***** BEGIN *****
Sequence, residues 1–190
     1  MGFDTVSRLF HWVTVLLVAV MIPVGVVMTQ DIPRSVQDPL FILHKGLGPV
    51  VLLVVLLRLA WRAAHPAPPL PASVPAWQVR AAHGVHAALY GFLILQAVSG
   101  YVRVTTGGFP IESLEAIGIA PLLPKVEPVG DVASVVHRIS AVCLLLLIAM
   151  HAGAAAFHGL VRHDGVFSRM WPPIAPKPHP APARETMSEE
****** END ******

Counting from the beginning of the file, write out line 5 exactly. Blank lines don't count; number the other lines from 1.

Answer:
   151  HAGAAAFHGL VRHDGVFSRM WPPIAPKPHP APARETMSEE